Fifteen years after the first A380 took flight, there’s now only one in the air

Travel restrictions have grounded the world's superjumbos, with the Airbus A380 dropping from 330 flights per day to just a solitary journey on its anniversary

From 330 flights per day to just one A380 in the sky: the coronavirus pandemic has grounded the world's largest passenger aircraft. Courtesy FlightRadar24

On April 27, 2005, the world’s largest commercial aircraft took to the sky.

Soaring above Toulouse on its first-ever test flight, Airbus’ A380 put the wings in motion for a super-sized era of air travel – one filled with double-decker cabins, fully enclosed apartments and on-board shower spas.

Today, on the 15th anniversary of its maiden flight, only one A380 is currently in the sky. The coronavirus pandemic has forced the majority of the world’s superjumbos to the ground until further notice.

According to global flight tracking service Flightradar24, the only A380 currently in the sky is China Southern’s flight CZ328. The superjumbo departed Los Angeles around midnight on Monday, April 27 on a 13-hour flight towards Guangzhou. It is scheduled to land in China just before 6am on Tuesday, April 28.

Several airlines own A380 aircraft and, pre-pandemic, one of the jets took off or landed somewhere in the world every two minutes.

Emirates is the biggest fan of the aircraft, as the Dubai airline accounts for nearly half of all A380s sold. Sixteen other airlines also own A380s including Etihad, British Airways, All Nippon, Singapore Airlines, Lufthansa and Asiana. Before the coronavirus travel restrictions were implemented, this combined fleet made 330 flights per day, with services to more than 70 destinations.

Super-sized flying

Etihad's The Residence is the first three-roomed apartment on a plane. Courtesy Etihad 

More than 400 airports around the world are compatible with the aircraft, which is the largest passenger jet in history with a seating capacity of up to 853 and a maximum take-off weight of 575 tonnes.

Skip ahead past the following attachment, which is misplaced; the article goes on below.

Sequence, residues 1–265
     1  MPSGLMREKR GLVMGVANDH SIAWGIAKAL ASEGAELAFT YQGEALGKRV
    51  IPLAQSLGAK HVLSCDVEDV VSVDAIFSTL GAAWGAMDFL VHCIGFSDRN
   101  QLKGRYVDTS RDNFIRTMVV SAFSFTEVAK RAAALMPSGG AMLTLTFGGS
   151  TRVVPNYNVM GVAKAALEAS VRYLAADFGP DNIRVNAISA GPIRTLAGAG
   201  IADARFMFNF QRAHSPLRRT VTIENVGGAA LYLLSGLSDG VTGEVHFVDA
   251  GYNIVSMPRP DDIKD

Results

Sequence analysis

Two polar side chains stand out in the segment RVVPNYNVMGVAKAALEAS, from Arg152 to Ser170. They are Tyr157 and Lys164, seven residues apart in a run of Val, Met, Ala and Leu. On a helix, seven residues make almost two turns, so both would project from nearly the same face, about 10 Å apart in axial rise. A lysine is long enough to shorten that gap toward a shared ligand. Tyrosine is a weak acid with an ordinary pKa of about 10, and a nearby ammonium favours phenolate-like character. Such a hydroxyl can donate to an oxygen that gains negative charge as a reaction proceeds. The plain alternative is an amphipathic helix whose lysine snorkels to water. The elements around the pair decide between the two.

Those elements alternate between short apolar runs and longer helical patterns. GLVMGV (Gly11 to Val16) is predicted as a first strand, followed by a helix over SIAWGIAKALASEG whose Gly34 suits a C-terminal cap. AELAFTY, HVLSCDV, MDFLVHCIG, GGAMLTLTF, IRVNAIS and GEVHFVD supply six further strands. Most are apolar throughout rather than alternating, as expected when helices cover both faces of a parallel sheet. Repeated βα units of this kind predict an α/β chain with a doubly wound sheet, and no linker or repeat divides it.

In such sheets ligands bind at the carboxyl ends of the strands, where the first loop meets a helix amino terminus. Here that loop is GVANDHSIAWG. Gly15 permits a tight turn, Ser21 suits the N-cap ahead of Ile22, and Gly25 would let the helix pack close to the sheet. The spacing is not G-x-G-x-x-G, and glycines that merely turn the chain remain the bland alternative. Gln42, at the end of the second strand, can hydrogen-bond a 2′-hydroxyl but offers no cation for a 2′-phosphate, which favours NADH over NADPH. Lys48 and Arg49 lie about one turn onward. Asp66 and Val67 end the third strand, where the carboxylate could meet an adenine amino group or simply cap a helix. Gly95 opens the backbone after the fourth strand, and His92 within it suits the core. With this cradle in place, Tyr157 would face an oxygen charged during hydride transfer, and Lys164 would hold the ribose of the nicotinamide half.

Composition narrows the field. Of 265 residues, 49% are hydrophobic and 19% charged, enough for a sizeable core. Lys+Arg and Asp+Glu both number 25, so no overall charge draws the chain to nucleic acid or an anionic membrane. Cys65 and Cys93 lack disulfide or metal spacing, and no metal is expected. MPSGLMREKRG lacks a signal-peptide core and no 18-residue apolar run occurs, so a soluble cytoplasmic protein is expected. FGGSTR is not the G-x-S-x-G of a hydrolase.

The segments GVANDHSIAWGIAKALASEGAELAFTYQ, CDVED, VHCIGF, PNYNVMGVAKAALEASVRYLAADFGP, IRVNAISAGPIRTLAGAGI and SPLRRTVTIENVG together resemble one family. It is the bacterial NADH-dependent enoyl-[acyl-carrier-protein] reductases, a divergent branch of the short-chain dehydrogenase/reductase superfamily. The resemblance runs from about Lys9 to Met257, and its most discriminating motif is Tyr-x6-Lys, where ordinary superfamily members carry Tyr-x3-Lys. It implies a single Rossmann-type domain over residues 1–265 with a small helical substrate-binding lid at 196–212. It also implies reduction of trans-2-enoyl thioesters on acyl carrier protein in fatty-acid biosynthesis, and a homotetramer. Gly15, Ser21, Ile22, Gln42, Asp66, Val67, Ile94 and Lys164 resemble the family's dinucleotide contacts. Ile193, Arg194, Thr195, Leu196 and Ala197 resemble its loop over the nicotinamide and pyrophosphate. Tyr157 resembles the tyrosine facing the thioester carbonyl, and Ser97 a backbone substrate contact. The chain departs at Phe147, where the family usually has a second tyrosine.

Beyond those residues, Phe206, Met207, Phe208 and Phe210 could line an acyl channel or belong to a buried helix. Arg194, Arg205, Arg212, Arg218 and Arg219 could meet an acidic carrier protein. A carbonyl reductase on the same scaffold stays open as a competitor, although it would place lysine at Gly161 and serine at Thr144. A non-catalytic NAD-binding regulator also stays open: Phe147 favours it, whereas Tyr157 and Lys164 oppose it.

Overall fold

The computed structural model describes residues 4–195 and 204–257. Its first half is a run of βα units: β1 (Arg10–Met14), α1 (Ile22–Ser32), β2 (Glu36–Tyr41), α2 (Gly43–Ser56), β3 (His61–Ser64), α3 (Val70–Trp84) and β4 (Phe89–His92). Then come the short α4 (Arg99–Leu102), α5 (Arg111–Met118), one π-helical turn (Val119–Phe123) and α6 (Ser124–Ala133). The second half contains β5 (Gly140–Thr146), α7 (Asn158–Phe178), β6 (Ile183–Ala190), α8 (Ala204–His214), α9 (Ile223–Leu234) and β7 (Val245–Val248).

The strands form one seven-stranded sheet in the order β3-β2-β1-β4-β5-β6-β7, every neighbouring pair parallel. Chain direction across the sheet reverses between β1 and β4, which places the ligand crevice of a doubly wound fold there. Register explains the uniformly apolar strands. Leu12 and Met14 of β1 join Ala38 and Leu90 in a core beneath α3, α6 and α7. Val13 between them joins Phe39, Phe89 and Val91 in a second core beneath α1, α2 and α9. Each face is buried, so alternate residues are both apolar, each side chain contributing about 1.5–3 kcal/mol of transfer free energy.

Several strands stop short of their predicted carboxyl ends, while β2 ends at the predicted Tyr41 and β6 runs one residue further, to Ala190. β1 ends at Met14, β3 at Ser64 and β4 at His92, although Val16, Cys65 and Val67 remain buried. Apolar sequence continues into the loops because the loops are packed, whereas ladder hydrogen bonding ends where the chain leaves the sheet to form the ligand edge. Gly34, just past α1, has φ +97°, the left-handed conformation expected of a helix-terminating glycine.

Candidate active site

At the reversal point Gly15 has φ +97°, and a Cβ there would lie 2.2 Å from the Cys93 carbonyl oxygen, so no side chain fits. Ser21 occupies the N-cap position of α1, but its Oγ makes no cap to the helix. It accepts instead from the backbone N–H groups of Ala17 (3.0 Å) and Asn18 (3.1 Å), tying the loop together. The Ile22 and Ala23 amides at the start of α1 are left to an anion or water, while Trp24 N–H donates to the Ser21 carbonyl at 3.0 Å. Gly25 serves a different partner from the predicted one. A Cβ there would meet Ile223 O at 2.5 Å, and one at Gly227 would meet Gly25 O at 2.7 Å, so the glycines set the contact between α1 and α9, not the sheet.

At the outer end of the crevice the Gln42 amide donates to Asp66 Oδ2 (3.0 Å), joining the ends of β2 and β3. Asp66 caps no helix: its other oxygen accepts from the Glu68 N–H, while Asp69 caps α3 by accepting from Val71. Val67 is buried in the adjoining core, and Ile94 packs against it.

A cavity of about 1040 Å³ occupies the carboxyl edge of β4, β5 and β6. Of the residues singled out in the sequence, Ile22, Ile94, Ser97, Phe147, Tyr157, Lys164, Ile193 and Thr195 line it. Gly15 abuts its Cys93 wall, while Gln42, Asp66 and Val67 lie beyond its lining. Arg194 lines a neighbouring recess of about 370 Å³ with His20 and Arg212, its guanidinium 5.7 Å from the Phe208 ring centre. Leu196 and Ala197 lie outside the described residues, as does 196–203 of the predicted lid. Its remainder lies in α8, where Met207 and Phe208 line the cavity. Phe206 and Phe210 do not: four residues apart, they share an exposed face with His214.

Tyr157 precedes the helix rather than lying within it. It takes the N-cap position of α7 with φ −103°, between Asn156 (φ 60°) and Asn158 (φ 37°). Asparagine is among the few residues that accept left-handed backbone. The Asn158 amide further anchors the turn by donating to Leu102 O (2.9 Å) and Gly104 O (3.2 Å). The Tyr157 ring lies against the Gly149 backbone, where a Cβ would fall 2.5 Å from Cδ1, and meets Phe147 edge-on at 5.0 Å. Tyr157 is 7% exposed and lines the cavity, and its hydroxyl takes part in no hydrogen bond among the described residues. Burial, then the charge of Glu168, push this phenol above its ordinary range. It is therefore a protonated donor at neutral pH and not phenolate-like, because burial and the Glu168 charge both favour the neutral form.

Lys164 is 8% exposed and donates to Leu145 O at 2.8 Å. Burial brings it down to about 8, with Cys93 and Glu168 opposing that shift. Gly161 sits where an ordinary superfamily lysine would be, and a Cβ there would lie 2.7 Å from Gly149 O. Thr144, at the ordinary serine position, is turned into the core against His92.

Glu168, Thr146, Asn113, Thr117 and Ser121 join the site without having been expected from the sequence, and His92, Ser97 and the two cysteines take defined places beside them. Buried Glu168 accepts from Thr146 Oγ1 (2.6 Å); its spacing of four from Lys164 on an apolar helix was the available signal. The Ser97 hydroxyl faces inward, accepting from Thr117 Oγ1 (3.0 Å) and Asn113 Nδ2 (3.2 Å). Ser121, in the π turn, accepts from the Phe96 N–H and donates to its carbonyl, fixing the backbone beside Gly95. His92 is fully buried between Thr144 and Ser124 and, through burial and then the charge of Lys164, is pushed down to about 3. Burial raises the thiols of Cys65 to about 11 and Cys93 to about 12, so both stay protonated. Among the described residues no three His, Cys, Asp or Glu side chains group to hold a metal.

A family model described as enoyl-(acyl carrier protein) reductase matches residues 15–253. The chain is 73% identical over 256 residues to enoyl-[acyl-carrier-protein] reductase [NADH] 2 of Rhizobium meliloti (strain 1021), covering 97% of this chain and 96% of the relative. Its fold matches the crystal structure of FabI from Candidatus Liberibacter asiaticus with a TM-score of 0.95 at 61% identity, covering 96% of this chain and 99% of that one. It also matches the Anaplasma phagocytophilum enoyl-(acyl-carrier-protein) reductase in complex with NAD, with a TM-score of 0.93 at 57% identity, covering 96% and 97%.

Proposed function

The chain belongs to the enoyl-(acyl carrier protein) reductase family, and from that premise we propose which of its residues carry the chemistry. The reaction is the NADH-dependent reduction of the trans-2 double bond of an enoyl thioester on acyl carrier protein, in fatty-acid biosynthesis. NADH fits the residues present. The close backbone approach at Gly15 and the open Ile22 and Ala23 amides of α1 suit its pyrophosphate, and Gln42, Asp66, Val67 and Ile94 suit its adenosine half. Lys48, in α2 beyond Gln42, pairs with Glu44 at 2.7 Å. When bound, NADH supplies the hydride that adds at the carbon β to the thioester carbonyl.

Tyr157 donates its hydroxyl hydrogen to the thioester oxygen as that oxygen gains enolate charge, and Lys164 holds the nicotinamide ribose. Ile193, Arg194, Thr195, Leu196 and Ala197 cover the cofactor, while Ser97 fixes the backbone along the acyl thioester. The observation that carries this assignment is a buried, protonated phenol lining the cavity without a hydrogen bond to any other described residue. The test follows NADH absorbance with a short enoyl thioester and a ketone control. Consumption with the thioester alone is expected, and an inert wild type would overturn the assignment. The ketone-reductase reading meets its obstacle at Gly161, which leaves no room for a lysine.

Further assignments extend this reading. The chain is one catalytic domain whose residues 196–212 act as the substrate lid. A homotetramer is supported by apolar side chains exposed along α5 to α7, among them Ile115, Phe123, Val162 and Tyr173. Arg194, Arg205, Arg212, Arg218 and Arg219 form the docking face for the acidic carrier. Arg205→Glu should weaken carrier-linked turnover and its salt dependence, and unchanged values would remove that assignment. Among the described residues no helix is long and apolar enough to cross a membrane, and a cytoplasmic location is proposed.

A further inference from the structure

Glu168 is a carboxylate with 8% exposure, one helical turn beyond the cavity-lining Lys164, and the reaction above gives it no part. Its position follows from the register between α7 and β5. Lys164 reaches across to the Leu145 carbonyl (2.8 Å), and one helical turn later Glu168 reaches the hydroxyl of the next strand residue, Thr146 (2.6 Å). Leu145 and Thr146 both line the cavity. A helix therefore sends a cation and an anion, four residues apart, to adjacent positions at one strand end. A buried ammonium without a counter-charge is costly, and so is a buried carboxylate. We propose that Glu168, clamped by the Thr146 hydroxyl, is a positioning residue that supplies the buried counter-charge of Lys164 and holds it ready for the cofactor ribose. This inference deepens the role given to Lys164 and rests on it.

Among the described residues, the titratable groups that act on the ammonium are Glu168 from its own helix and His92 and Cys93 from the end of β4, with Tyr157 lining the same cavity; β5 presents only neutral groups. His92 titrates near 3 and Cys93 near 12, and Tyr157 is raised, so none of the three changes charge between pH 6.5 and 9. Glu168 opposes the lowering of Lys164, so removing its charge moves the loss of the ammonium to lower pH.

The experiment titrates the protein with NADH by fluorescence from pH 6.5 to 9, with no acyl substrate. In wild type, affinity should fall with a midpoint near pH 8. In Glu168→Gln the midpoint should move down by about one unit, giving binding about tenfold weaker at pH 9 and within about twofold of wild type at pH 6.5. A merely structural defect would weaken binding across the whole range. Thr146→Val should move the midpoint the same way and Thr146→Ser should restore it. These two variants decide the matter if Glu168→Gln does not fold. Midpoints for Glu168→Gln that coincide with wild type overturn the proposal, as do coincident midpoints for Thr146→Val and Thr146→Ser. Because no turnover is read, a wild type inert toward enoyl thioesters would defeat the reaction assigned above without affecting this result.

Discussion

The scale of the A380 is what allowed the world’s airlines to get creative when it came to flying. Emirates installed shower spas and an upper deck lounge on its jets while Etihad introduced The Residence, the only three-bedroom apartment in the sky. Singapore Airlines created first class suites with everything you’d expect from a luxury hotel room, and Korean Airways super-sized its A380 business seats and gave each one an individual sized movie theatre.

Emirates is the biggest A380 customer. The Dubai airline offers shower spas and an upper-deck lounge for premium passegers. Courtesy Emirates 

But bigger isn’t always better, especially in unprecedented situations. Several airlines around the world have grounded passenger flights and turned their focus instead to cargo and repatriation services.

The A380 has been used for a few of these special services, but as demand for repatriation drops, it is becoming less economical for airlines to continue operating such large jets. Smaller, more fuel-efficient aircraft are being prioritised to service repatriation efforts.

As the largest commercial jet in the sky, the A380 may have record-breaking seating capacity, wingspan and height, but it cannot match newer, more efficient aircraft on fuel consumption.

The beginning of the end

epa08386039 (FILE) - An Airbus A380 makes a photo pass fly-by in the San Francisco Bay Area in San Francisco, California USA 05 October 2007 (reissued 27  April 2020). Reports on 27 April 2020 state Guillaume Faury, Chief executive of Airbus has written to Airbus employees saying the company is 'bleeding cash at an unprecedented speed, which may threaten the very existence of the company'. The company has lost one third if its business due to the ongoing Covid-19 pandemic that has crippled aviation business around the globe.  EPA/JOHN G. MABANGLO *** Local Caption *** 54984031

Last year, Airbus announced it would end production of the A380 in 2021 and focus instead on creating jets that are more economical.

But the storied jumbo is not consigned to history just yet. As soon as travel restrictions are lifted and airlines can get their fleets back in the air, the A380 will continue to fly. Emirates previously said it will be in operation until at least 2038.

On the 15th anniversary of the A380’s maiden flight, its parent company is fighting for survival. Reports released earlier today from Reuters state that Guillaume Faury, chief executive of Airbus, has written to employees of the company saying it is "bleeding cash at an unprecedented speed”.

Airbus has lost one third of its business due to the ongoing Covid-19 pandemic.